“Absurdly Warm” Arctic May Set New Low Ice Record
February 29, 2016
Rapidly disappearing Arctic sea ice is about to set a new record after an “absurdly warm” winter at the top of the world. For the second year running, it will have grown to cover less of the Arctic Ocean than ever before.
The revelation comes as scientists are increasingly worried that the heating of the region could escalate out of control, as growing numbers of “feedback mechanisms” – which reinforce and accelerate the process – are being discovered.
Most attention on the melting sea ice so far has been focused on the increasingly low minimum levels it reaches each September. Its nine smallest-ever extents have all occurred in the last nine years, with the record being reached in 2012, when it covered only 3.41 million square kilometres – 44 per cent less than the average of the previous three decades, and a full 16 per cent lower than the previous record, in 2007.
But the amount by which the ice recovers each winter, peaking at the end of February and the beginning of March, though little publicised, is at least as important. Last year it reached only 14.54 million sq km on 25 February, its peak day – the lowest ever. Exactly a year later, at the end of last week, it was just 14.27 million sq km, a fall of 270,000 sq km.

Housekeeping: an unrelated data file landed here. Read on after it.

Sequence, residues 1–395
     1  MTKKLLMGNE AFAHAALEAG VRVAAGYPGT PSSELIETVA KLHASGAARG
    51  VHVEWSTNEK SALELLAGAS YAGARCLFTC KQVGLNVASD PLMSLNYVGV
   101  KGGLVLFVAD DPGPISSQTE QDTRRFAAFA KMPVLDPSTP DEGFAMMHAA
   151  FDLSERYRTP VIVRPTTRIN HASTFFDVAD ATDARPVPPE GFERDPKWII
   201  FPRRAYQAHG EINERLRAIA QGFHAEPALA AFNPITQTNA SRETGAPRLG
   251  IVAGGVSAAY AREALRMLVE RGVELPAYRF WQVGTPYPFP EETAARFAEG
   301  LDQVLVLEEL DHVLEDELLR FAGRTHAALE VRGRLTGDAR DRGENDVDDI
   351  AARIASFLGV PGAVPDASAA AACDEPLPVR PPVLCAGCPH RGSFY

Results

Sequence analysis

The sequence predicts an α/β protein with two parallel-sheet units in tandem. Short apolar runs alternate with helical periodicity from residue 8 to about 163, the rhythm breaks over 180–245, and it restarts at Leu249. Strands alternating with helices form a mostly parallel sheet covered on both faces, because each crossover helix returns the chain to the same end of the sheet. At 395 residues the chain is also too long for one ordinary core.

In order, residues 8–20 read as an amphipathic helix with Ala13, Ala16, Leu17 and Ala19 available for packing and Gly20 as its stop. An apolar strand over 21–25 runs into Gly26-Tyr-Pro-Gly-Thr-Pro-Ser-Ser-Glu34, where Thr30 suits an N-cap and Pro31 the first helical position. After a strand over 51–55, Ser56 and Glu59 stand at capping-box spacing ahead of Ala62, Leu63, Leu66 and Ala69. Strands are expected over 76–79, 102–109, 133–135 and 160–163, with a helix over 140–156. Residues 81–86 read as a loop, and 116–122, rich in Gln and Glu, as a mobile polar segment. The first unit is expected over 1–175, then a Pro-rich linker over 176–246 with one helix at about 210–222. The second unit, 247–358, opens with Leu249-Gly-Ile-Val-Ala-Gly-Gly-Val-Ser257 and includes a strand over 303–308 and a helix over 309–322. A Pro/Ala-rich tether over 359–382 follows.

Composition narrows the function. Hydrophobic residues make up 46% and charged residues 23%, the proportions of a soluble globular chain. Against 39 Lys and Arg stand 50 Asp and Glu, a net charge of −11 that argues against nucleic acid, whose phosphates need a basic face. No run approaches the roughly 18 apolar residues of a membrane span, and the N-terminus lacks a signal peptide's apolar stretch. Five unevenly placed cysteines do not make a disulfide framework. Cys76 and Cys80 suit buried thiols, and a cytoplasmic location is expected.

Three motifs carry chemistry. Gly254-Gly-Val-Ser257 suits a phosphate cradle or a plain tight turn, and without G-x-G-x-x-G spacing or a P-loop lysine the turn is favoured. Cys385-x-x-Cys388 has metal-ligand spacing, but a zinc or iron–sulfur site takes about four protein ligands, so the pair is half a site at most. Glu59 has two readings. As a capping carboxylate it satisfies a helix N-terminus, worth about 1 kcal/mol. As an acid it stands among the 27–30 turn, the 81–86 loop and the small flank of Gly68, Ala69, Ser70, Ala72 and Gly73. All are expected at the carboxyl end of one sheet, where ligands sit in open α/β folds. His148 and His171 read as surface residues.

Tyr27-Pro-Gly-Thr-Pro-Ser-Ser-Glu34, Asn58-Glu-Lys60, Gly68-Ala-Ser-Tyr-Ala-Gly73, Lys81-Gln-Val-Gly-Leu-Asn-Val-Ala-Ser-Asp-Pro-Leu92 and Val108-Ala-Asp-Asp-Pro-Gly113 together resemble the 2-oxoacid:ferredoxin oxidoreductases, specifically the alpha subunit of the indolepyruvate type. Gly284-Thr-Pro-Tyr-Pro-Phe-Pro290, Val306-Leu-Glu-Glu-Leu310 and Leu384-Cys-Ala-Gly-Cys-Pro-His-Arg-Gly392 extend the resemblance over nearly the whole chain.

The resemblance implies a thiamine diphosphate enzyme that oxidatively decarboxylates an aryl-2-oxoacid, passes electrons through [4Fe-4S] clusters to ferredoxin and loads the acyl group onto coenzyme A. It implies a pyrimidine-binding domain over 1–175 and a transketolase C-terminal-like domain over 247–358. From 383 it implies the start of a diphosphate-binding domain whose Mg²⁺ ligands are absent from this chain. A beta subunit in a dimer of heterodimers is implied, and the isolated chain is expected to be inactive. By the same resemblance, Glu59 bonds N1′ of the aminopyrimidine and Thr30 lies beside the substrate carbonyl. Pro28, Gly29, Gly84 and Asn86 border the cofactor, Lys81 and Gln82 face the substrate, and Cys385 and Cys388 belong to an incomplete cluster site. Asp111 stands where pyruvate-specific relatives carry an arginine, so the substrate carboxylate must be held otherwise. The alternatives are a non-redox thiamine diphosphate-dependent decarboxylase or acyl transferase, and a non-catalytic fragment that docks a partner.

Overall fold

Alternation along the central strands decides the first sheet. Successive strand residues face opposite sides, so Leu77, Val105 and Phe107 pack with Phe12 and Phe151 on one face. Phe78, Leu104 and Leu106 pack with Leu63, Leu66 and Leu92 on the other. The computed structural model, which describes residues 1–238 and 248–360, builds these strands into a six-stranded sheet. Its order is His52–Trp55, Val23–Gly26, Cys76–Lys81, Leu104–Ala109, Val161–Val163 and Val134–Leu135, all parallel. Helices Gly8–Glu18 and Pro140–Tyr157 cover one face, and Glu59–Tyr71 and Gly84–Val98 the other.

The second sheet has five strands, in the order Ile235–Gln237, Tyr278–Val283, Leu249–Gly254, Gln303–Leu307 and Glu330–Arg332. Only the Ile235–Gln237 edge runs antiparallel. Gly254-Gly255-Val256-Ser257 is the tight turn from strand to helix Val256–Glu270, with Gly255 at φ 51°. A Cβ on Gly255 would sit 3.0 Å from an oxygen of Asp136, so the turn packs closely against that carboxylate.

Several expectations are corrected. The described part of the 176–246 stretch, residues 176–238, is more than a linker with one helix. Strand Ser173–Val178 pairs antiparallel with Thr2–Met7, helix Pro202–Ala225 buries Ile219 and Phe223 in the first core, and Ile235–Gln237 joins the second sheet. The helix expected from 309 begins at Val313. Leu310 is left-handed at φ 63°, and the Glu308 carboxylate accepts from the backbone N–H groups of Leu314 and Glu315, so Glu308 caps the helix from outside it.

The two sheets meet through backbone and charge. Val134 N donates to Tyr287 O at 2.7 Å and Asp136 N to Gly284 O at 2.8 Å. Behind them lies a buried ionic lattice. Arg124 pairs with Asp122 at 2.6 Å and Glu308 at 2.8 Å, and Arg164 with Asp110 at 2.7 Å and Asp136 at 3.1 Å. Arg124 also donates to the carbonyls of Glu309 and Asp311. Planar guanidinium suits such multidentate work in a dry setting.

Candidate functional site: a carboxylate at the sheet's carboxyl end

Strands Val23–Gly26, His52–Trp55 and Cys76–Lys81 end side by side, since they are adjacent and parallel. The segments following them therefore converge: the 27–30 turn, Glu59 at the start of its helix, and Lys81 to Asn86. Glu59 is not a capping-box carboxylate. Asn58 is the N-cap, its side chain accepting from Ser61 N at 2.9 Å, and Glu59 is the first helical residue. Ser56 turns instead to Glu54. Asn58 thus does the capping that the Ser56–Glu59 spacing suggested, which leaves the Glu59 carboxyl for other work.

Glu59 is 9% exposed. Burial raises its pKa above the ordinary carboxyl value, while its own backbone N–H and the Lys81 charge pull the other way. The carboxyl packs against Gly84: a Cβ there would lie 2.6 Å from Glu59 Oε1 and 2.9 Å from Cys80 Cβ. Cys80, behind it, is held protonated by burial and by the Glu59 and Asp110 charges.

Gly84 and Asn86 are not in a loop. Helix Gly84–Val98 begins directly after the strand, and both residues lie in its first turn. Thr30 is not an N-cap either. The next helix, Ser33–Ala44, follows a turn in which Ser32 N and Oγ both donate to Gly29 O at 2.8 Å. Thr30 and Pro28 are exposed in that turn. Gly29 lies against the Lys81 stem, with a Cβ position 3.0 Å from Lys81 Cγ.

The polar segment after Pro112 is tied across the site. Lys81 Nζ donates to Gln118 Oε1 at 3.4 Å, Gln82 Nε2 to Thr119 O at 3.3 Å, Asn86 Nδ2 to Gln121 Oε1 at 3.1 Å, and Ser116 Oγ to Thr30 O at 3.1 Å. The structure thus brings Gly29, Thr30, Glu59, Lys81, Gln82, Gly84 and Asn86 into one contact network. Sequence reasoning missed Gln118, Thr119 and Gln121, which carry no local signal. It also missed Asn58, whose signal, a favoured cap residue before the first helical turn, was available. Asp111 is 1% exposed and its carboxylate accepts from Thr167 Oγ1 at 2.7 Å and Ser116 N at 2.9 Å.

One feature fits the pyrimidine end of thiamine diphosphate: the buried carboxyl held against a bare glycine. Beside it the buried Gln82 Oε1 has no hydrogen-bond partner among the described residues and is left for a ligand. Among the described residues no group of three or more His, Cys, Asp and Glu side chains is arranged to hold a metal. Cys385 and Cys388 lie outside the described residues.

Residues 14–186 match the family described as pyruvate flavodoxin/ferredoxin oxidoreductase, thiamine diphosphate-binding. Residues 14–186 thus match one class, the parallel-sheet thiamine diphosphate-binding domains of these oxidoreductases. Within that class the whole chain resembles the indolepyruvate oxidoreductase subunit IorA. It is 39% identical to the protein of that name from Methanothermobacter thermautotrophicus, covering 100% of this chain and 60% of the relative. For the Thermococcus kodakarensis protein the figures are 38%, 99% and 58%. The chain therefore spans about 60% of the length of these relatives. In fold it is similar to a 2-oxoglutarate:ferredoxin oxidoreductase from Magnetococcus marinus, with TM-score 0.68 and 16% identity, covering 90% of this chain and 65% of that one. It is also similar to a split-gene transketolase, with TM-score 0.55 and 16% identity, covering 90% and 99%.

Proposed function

Scientists at the National Snow and Ice Data Centre in Boulder, Colorado (NSIDC) – the world’s foremost authority on the issue – are not quite ready to proclaim a new record, as the ice may yet spread further over the next days. But, with another week of unseasonably warm weather forecast for the region, they privately believe it is almost certain.